The same problem as in the “Overhead” layout occurs here: how do the Dolby Enabled Speakers of today match the already present Front and Surround speakers? The designs of today are focused on directivity, with absorption foam and other particular constructions, but few of them tonally match the existing Front or Surround speakers, since they are not made with matching driver elements. KEF is producing matching Dolby Enabled Speakers (model R50), but doesn’t provide any polar plots.

The Last, and least recommended speaker layout for immersive sound would involve Dolby Enabled Speakers.

Front Height/Rear Height is a practically Classic 11.2. With this layout it is possible to match or get very close to Dolby’s ideal geometry of the additional loudspeakers that create the 3rd dimension of audio. It is easier to mount additional speakers on-wall especially if the Home Cinema is not build as new. It is possible to find additional speakers that match the already present Front and Surround speakers. It is for now the only solution more or less compatible with Auro-3D 9.1, as Auro Technologies does not propose or support upward-firing speakers. Also DTS:X is suspected to adopt this layout. And, what about all older media? Most Blu-ray’s and all DVD’s, TV-series, games, streams and video files don’t have a native 3D audio soundtrack, and the listener will have to go back to DSP-based upmixing formats, in this case the new Dolby Surround Upmixer (DSU) and/or Yamaha CinemaHD3. In the first case the “Overhead” would be first choice, but Classic 11.2 with right vertical angles would not perform less. In the latter case the Classic 11.2 layout is best backward-compatible. The downside of this layout is that in long rooms with low ceilings, it will be difficult or impossible to reach the requested vertical angles for a convincing 3rd audio dimension when playing Atmos.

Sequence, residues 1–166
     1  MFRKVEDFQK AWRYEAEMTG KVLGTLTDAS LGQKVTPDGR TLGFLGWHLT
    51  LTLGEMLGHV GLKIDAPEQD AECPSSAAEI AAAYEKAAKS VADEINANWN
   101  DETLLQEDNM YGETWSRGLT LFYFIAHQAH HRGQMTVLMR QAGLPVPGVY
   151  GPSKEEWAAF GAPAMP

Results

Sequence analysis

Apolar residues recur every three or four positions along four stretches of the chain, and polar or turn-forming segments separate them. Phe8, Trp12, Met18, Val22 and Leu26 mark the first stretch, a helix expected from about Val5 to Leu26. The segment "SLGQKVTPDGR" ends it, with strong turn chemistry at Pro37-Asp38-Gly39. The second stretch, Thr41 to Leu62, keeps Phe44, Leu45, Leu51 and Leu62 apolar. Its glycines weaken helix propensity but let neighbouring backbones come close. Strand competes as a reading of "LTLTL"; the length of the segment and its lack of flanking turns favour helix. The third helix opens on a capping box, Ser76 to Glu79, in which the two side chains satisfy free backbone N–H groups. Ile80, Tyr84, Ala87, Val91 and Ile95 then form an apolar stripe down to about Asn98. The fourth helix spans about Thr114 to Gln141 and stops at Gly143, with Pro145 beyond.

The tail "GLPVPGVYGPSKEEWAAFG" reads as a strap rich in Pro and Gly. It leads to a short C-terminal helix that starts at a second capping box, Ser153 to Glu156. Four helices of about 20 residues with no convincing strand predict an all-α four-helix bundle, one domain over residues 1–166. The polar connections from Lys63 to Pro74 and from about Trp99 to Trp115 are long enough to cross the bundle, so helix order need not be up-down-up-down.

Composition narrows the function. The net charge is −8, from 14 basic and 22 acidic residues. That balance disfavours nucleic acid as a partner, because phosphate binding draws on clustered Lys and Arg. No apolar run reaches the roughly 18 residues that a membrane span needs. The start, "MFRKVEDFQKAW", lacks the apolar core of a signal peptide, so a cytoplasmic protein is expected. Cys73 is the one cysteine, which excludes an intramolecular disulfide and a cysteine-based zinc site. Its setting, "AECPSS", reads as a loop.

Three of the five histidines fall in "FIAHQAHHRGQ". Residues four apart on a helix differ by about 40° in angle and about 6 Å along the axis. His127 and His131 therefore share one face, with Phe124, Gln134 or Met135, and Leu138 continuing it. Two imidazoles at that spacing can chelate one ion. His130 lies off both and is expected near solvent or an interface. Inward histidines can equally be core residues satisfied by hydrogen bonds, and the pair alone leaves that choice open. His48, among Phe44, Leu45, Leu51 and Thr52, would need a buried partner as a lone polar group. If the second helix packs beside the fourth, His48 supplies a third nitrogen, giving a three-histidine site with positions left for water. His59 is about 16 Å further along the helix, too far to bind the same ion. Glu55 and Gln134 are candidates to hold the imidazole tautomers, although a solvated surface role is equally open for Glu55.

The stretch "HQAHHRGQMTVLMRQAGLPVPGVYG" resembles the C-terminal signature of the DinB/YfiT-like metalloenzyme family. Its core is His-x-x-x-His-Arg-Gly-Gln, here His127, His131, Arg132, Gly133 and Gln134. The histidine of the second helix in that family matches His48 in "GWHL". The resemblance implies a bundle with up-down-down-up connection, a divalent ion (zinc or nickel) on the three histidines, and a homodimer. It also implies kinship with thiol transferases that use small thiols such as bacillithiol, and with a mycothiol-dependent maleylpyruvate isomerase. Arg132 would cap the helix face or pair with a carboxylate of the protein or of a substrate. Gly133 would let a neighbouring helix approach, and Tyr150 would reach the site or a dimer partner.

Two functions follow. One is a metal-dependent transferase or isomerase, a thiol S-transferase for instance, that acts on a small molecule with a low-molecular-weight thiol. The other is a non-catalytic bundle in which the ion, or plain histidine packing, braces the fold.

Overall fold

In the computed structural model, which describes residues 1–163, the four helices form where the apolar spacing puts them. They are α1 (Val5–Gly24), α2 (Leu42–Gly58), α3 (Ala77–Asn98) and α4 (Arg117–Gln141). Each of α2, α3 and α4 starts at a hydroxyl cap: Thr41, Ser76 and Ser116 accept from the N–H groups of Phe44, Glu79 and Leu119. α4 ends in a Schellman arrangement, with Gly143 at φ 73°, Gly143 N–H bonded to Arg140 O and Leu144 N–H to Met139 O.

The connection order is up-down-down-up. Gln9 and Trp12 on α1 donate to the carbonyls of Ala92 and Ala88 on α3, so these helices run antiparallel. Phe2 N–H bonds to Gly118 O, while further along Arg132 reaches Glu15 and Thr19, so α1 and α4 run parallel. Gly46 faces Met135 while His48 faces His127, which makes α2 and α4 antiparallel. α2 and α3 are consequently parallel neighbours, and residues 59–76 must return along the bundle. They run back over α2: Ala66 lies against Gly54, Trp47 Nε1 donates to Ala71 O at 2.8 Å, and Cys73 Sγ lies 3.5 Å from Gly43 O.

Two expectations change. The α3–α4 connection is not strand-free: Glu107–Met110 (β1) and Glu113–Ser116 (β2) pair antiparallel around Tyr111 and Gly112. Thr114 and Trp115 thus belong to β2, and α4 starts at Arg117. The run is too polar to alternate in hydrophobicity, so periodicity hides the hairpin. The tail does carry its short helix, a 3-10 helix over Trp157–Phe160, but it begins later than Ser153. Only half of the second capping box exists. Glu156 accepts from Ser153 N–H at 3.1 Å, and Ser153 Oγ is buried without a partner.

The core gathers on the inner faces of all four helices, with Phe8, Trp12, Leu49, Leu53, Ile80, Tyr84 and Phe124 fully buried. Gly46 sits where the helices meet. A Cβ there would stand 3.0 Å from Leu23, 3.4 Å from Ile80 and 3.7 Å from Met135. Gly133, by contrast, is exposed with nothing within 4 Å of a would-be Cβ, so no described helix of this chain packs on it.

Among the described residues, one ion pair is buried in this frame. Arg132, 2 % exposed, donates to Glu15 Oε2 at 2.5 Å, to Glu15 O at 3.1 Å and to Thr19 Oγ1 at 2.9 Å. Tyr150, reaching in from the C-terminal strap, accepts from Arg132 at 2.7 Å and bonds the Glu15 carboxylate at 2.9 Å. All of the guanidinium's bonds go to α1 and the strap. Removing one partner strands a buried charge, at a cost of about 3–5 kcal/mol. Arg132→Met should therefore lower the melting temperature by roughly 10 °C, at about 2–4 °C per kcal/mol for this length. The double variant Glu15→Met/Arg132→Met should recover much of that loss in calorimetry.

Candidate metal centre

What Speaker Layout to Choose?

In the old days choosing a speaker layout wasn’t so much an issue, finding a place for one or two speakers is not so difficult. With the rise of “5.1” in the DVD-era things got slightly more difficult: adding a central speaker under the CRT television was easy, placing the surround speakers a little less. But at least the new 5.1 speaker layout could be used for AC3 and DTS (and MPEG Multichannel in Europe). Also the 5.1 upmixing systems of the time, like Dolby Pro Logic II, Yamaha CinemaDSP and Harman Logic 7, used more or less the same 5.1 speaker layout. In the 2000’s Yamaha started to mount additional speakers high on the front wall, followed by Dolby Pro Logic IIz, DTS Neo:X and Audyssey DSX. Although different systems, they used virtually the same speakers, whether called “presence” or “front height” speakers.